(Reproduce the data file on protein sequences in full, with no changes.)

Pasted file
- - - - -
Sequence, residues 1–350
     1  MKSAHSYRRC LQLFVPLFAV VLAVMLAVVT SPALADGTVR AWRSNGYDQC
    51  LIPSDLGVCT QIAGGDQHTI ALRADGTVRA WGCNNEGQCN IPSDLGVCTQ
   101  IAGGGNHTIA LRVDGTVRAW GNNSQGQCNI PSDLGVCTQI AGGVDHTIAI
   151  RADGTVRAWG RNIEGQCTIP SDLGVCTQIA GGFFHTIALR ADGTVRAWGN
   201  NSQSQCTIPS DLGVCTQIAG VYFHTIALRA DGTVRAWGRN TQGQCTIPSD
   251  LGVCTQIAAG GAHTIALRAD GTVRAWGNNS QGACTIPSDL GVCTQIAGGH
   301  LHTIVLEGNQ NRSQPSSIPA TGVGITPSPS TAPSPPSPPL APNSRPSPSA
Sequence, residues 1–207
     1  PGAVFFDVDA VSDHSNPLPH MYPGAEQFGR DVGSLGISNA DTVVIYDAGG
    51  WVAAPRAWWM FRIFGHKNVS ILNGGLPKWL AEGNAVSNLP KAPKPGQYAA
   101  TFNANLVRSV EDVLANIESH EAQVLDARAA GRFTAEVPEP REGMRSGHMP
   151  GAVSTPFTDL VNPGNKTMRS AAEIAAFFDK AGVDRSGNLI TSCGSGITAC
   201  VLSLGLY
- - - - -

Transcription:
Sequence, residues 1–350
     1  MKSAHSYRRC LQLFVPLFAV VLAVMLAVVT SPALADGTVR AWRSNGYDQC
    51  LIPSDLGVCT QIAGGDQHTI ALRADGTVRA WGCNNEGQCN IPSDLGVCTQ
   101  IAGGGNHTIA LRVDGTVRAW GNNSQGQCNI PSDLGVCTQI AGGVDHTIAI
   151  RADGTVRAWG RNIEGQCTIP SDLGVCTQIA GGFFHTIALR ADGTVRAWGN
   201  NSQSQCTIPS DLGVCTQIAG VYFHTIALRA DGTVRAWGRN TQGQCTIPSD
   251  LGVCTQIAAG GAHTIALRAD GTVRAWGNNS QGACTIPSDL GVCTQIAGGH
   301  LHTIVLEGNQ NRSQPSSIPA TGVGITPSPS TAPSPPSPPL APNSRPSPSA
Sequence, residues 1–207
     1  PGAVFFDVDA VSDHSNPLPH MYPGAEQFGR DVGSLGISNA DTVVIYDAGG
    51  WVAAPRAWWM FRIFGHKNVS ILNGGLPKWL AEGNAVSNLP KAPKPGQYAA
   101  TFNANLVRSV EDVLANIESH EAQVLDARAA GRFTAEVPEP REGMRSGHMP
   151  GAVSTPFTDL VNPGNKTMRS AAEIAAFFDK AGVDRSGNLI TSCGSGITAC
   201  VLSLGLY